Writing 411: The thesis statement

The thesis statement is the most challenging for me to write. Every. Time.

And Im not sure why! I mean, I think I do fairly well when it comes to writing. My essay papers tend to stay within the A to A- range. I did have a paper or two that’s gotten a B+ but that’s usually due to formatting issues and I did have a paper that got a low B because I didn’t use the required amount of sources.  And I’m not saying this to brag or anything, but the one issue that usually stops me from getting an A+ is because while I had a strong intro, my thesis lacked structure or my thesis was weak. And that would be very accurate because when I write my papers, I never start off with a thesis. I just jump into it.

Well, if you know what’s wrong why don’t you fix it? It’s simple enough.

No it’s not! *says in a whiney voice*. It’s not simple for me. The one time I actually put thought into my paper, I got a B. I actually thought it through and got it done early enough for me to proofread it twice and I got a B! Serves me right for not procrastinating. But I’m serious. If I start too early or think about it too much, I don’t do so well. And it’s because of this that I just jump right into and start writing. I read through the material, come up with a basic outline–more or less, and then just start writing. And actually, I don’t study the material every day until I’m ready to write, I usually just read it through a time or two when I first get the assignment and then I think on it. I let it sit in my mind until I’m ready to write and then I review the materials again.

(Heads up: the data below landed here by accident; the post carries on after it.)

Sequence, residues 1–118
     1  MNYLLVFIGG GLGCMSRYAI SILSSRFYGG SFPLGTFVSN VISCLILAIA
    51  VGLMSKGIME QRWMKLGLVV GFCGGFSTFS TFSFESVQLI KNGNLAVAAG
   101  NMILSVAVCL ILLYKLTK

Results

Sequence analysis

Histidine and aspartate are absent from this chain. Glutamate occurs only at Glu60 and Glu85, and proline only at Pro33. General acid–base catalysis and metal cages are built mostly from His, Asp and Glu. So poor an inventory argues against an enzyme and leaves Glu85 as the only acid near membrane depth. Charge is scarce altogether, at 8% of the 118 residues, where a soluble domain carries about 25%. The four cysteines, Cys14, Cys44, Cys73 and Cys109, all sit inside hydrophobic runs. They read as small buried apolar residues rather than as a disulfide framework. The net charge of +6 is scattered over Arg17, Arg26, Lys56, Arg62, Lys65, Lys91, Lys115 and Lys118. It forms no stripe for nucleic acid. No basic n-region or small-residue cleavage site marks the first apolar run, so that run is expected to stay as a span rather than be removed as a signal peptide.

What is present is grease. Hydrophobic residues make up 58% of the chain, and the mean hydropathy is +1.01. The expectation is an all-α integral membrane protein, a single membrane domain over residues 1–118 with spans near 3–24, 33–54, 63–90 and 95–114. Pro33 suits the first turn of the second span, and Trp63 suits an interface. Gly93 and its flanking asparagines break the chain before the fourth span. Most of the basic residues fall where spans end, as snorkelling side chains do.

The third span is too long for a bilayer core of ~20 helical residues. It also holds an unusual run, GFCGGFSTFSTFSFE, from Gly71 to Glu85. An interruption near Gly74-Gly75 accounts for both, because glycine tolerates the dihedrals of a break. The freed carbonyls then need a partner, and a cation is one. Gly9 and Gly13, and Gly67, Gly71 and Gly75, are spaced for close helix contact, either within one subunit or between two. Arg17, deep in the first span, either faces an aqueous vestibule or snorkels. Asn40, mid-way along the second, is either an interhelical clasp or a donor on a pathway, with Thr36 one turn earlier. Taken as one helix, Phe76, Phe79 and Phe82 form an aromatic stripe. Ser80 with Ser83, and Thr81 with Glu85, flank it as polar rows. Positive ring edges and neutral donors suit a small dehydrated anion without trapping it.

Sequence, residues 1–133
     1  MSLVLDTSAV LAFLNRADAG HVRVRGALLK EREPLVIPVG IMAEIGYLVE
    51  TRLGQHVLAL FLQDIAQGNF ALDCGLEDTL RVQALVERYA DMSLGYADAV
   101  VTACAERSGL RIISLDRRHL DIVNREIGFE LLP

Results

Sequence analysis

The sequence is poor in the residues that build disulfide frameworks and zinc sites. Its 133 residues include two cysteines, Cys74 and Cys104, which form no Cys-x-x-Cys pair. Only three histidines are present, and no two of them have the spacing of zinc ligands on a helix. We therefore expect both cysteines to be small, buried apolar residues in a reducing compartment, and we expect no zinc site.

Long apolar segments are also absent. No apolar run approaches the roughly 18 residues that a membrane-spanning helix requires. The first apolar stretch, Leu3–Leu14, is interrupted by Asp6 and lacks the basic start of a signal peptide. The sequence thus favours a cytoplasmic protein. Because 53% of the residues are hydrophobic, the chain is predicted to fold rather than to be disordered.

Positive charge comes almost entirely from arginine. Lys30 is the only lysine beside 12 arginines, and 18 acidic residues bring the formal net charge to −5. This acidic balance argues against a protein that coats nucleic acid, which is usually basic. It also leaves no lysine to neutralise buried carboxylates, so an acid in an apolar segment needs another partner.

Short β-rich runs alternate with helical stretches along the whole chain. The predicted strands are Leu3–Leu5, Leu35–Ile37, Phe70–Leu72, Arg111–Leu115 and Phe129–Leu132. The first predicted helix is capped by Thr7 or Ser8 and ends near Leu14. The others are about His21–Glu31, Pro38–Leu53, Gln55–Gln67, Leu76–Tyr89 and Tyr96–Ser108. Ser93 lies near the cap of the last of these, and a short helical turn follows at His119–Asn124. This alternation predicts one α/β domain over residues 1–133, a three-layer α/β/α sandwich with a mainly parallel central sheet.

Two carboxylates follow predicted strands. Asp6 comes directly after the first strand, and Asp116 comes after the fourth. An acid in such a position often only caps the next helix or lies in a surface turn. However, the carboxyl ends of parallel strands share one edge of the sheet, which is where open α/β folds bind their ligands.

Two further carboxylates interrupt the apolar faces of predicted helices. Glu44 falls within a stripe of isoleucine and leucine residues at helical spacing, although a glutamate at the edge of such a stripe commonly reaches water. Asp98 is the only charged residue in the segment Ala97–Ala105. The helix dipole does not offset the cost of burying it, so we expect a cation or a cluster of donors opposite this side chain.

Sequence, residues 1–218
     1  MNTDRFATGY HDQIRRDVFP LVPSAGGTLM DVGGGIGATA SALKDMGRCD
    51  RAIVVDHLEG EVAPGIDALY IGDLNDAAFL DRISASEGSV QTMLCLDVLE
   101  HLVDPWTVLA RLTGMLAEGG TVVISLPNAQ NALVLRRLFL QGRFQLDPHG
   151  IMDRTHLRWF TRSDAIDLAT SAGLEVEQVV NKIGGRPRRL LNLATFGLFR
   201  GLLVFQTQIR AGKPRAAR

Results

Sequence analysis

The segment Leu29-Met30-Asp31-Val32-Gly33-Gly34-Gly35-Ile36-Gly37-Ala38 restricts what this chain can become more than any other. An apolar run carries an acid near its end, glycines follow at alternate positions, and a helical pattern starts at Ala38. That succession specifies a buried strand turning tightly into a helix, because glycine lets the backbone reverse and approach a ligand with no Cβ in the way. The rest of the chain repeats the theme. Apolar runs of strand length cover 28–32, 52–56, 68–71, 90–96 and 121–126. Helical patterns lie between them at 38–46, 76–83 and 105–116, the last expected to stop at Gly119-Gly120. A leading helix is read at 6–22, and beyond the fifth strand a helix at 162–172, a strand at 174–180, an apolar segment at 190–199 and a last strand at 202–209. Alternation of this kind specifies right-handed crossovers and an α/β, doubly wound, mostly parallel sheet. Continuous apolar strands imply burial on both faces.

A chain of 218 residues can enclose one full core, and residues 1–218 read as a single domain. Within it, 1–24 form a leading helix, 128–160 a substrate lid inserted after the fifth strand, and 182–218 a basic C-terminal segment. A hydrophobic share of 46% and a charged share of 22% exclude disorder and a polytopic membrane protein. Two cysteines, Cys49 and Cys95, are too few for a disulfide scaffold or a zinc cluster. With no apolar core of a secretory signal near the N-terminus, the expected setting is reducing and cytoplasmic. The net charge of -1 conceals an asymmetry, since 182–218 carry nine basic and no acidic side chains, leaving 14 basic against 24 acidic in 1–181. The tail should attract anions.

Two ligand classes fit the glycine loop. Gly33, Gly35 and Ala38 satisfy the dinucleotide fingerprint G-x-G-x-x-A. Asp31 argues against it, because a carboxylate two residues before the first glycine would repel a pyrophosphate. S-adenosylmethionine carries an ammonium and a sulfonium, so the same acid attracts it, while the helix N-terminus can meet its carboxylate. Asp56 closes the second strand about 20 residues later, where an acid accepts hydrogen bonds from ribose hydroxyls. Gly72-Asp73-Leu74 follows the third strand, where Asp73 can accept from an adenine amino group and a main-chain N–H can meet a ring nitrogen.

You’re avoiding the question. You know you’re weak on thesis statements, so why don’t you fix it?

I suppose I am making excuses to avoid the question. Truth is, I don’t know. I don’t know why I can’t fix it. Which is why I’m writing this post so I can think things through seriously enough to sit down and think about it.

General outline of a thesis, according to Purdue OWL (and I’m using Purdue because my course syllabi loves to reference Purdue OWL a lot. Everyone of them):

  • The thesis statement must be debatable – For the most part, I think I get this.
  • The thesis needs to be narrow – Fail. I fail miserably on this is. I mean, I have a hard time narrowing things down and I think it’s because I don’t know what direction I want to take until I’m already on that road.
  • Figure out the type of claim that fits you’re argument
    1. Claims of fact or definition
    2. Claims of cause and effect
    3. Claims about value
    4. Claims about solutions and policies

If I can follow these three simple rules I should be able to reach that A+, right?

Sighs. One could hope. I could only hope. Anyway, another thing to keep in mind is that thesis statements are like road maps to your paper. And this I understand. I do my best to make sure my intro covers a basic outline of what my paper will be on, which is why I usually get high marks for organization. Just that darned thesis statement.

Hopefully writing this out in a post will help seal it in my brain. I can do this. I got this … right?

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In a 140 characters or less: I'm an easy going, movie geek, TV buff, book-loving, melancholy/phlegmatic, Scorpio kinda gal.